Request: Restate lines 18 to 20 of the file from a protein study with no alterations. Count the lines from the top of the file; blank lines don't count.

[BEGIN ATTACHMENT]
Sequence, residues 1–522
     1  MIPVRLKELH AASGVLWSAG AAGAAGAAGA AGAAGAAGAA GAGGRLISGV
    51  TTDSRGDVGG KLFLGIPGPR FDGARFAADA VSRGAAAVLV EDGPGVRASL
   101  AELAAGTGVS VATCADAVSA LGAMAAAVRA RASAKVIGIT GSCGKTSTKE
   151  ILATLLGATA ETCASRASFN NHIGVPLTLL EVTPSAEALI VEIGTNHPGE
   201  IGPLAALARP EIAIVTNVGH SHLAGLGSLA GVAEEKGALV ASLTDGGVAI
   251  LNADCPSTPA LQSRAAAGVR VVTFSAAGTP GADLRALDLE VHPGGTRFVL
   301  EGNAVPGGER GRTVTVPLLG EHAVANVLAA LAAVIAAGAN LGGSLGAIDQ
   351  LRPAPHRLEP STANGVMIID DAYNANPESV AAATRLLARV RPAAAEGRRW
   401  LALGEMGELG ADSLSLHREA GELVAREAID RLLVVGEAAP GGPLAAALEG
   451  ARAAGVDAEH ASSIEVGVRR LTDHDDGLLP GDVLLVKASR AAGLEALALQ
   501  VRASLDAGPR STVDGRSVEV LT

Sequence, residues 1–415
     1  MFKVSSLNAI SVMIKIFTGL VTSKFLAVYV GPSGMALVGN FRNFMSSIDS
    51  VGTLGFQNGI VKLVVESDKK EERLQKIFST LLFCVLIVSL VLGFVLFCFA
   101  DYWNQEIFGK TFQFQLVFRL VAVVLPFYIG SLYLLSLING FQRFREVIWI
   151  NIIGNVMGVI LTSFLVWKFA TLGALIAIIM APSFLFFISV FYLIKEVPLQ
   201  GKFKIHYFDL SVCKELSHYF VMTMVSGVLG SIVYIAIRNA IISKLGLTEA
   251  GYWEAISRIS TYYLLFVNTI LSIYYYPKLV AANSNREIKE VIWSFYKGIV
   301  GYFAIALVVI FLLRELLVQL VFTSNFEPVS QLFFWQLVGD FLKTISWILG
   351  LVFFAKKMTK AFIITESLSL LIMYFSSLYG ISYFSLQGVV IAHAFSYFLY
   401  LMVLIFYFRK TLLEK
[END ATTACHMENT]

   201  GKFKIHYFDL SVCKELSHYF VMTMVSGVLG SIVYIAIRNA IISKLGLTEA
   251  GYWEAISRIS TYYLLFVNTI LSIYYYPKLV AANSNREIKE VIWSFYKGIV
   301  GYFAIALVVI FLLRELLVQL VFTSNFEPVS QLFFWQLVGD FLKTISWILG